Everyone dreams of having a brilliant white smile. But the truth is, not all of us are blessed with a dazzlingly bright, superstar smile. In an attempt to transform our grins, we often turn to whitening toothpastes. In fact, nearly $100 million was spent on just two brands of whitening toothpastes in 2017 alone. But there’s something the team at our Evansville dental office thinks you should know about whitening toothpastes.

Whitening Toothpastes Work…

With all the whitening toothpastes available, the good news is many have been proven to be effective at actually whitening teeth. However, whitening toothpaste typically only works to remove surface stains,  and only if used regularly twice a day for several weeks. Additionally, whitening toothpastes do have some risks associated with them. The same abrasive ingredients that makes whitening toothpaste effective at scrubbing away stains can also cause teeth to appear darker. How can that be? If whitening toothpaste is used too often or the brushing technique is too rough, the abrasive consistency can actually wear away tooth enamel and make the inner tooth (dentin) more visible. This dentin is usually dark in color and the more visible it is, the darker the tooth looks. So make sure to use whitening toothpaste as instructed and choose one with the ADA Seal of Acceptance.

…But Not All The Time

Whitening toothpastes are usually only effective at removing surface stains. This means that if your staining is deeper, your whitening toothpaste may not be doing much for you. But don’t worry, you don’t need to live with a smile you don’t like. There are plenty of cosmetic dentistry solutions that can transform your look, such as dental veneers or professional smile whitening. Veneers are thin pieces of custom-crafted and custom-colored ceramic that are fused to the front of teeth, effectively covering up any imperfections you don’t like. Professional smile whitening is a stronger whitening solution applied by your dentist and tends to be more effective (and faster!) than a whitening toothpaste or even whitening strips.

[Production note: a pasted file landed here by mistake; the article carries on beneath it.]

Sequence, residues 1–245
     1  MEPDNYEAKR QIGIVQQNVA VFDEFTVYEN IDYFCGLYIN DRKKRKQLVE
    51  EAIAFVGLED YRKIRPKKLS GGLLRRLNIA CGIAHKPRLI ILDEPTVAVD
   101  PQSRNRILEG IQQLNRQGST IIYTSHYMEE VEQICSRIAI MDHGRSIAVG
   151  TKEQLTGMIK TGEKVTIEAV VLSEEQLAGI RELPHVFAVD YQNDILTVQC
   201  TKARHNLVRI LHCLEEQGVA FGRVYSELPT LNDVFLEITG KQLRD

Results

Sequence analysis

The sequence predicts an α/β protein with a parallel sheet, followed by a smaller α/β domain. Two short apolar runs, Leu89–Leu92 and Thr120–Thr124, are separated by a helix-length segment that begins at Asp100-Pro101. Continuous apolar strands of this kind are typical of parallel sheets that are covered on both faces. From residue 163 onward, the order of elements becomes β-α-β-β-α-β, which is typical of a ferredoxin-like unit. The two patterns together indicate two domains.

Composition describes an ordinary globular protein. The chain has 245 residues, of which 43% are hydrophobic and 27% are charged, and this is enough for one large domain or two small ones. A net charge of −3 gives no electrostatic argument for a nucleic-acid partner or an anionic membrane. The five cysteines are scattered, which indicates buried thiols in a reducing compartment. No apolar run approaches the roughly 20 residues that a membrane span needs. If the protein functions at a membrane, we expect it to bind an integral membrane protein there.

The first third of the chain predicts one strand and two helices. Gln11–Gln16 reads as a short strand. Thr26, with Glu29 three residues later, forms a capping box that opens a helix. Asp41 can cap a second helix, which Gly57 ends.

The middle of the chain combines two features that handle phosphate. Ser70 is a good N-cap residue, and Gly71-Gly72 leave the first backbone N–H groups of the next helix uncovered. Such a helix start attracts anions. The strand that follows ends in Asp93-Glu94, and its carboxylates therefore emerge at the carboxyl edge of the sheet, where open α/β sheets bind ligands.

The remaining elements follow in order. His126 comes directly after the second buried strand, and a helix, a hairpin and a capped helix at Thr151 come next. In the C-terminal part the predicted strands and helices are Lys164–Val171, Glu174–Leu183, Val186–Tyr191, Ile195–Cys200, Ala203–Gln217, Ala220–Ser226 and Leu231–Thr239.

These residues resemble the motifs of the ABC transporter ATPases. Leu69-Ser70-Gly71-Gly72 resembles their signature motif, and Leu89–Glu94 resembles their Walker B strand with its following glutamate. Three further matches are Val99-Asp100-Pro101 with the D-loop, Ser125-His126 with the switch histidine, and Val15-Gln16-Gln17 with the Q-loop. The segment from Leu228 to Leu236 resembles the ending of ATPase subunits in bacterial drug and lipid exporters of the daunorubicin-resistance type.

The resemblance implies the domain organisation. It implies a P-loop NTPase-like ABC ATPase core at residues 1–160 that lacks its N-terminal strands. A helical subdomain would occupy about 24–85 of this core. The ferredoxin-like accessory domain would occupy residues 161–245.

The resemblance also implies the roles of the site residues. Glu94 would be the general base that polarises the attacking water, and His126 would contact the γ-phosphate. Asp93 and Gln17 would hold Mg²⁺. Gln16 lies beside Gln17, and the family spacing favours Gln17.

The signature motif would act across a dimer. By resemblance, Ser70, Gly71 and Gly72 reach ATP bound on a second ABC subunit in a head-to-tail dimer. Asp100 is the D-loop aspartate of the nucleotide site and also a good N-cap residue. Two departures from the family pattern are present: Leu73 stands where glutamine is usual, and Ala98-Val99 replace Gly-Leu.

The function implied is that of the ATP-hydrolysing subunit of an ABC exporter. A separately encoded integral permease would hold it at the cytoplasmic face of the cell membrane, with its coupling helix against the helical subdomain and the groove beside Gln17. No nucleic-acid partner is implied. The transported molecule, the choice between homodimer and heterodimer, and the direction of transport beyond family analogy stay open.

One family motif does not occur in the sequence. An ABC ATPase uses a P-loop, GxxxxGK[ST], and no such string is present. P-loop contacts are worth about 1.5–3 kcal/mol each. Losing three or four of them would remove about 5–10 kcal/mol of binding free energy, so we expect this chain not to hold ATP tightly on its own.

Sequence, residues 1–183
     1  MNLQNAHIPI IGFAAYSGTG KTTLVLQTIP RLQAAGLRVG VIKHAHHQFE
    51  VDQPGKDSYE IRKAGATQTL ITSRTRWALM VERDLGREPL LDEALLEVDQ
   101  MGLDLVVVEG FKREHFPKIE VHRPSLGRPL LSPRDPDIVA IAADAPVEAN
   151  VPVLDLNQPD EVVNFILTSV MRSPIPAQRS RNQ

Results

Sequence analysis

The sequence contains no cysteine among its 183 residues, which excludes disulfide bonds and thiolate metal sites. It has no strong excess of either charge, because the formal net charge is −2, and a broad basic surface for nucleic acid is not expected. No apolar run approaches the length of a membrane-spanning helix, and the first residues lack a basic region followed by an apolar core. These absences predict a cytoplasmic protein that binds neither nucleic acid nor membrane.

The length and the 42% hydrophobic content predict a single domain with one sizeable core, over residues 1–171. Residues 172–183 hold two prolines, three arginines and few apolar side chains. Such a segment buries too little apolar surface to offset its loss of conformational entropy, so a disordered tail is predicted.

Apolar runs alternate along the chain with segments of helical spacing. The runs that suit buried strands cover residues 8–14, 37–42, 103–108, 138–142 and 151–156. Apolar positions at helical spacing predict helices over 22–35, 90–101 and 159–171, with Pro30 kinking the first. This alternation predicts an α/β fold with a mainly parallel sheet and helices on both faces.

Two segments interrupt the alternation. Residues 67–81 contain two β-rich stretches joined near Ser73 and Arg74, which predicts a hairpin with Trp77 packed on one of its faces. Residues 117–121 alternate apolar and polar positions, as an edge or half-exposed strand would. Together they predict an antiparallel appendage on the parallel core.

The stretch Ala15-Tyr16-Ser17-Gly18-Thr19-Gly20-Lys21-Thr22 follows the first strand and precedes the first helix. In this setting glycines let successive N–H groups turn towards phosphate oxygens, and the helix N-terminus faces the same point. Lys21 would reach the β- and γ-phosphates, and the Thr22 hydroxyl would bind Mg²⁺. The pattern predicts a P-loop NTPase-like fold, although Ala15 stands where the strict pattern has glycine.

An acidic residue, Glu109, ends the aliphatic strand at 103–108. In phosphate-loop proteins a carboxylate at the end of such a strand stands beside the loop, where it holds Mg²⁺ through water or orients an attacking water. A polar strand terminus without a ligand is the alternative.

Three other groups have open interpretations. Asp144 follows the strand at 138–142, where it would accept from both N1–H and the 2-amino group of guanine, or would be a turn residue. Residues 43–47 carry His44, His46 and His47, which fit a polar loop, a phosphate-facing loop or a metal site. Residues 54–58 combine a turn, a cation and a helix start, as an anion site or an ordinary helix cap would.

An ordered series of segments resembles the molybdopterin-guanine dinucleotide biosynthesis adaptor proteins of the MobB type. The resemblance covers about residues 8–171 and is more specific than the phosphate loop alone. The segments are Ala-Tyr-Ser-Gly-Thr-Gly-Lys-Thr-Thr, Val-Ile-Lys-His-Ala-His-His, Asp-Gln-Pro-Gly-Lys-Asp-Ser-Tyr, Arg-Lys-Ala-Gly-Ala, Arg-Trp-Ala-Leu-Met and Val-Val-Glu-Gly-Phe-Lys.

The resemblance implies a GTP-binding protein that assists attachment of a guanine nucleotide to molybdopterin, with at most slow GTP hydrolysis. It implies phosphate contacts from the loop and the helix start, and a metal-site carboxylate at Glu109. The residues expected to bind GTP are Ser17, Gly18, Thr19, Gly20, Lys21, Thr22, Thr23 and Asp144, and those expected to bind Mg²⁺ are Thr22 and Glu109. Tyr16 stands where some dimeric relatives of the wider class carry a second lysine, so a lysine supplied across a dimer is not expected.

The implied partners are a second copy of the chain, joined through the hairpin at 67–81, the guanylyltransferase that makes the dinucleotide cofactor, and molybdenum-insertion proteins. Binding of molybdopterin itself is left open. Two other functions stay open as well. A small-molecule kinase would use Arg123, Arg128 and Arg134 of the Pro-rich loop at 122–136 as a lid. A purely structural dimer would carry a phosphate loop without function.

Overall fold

Other Ways to Whiten Your Teeth

Besides a professional smile whitening or other cosmetic dentistry treatment from your dentist in Evansville, there are other ways you can work on getting a whiter smile including:  

  • Rinsing with water after drinking your morning coffee or tea
  • Quitting smoking or using chewing tobacco  
  • Eat apples, celery, or cheese. These foods help to keep stains away by gently scrubbing teeth.

If you’ve tried every whitening toothpaste available to you and you’re still not quite happy with the results, call our dental office in Evansville to schedule an appointment. We’ll work with you to determine the best way to whiten your smile safely and effectively.

young man with a cold

Posted by & filed under General Dental Articles, Oral Health, Prevention.

‘Tis the season of stuffy noses, persistent coughs, and sore throats. It’s officially cold and flu season. And even though the team at our dental office in Evansville is committed to keeping our patients and neighbors healthy, there are just some things we can’t fix. The common cold being one of them. But while we may not have a cure, we do have some tips on how to keep your teeth healthy as you treat that pesky cough.

The Secret Dangers of Cough Medicine

Many cough syrups and lozenges do wonders in easing the effects of the common cold. However, their ingredients can be damaging to teeth and oral health. Some of the most popular over-the-counter medicines contain sugar and alcohol — both of which can leave your teeth at risk for decay and damage.

Sugars

Even though the sugars found in many cough syrups and cough drops don’t necessarily have medicinal benefits, they do still have a purpose. Many medicines add sugar to make them taste better so that people can tolerate drinking or sucking on them. But these sugars give the bacteria in the mouth something to feed on, and that’s concerning for your Evansville dentist. As bacteria feed on sugars they release an acidic byproduct. This acid wears away the protective layer of tooth enamel and leaves teeth exposed to decay.

Alcohol

Normally our mouths produce enough saliva to rinse away sugar and the acid caused by bacteria that feed on it. However, alcohol is known to cause dry mouth. When a mouth is dry, there is not enough saliva to wash away the damaging sugars and acids that lead to tooth decay and cavities.

Ease the Effects

We’re certainly not suggesting that you don’t take any medicine to help you cope with your cold, but there are ways you can reduce the effects of the damaging ingredients found in most cough medicines and cough drops. First, avoid taking medicine after your nightly brushing before bed. This will help keep the sugar and alcohol from hanging around damaging your teeth all night long. Next, try taking medication with meals. Our mouths produce more saliva as we eat, and that extra surge in saliva will help rinse away any dangerous ingredients. Lastly, consider a pill form of cough medicine to keep the sugars and alcohol away from teeth altogether.  

All of us at our Evansville dental office hope you can avoid catching a cold or the flu this season. But if you happen to come down with a sickness, follow the tips above to help you feel better and protect your smile at the same time.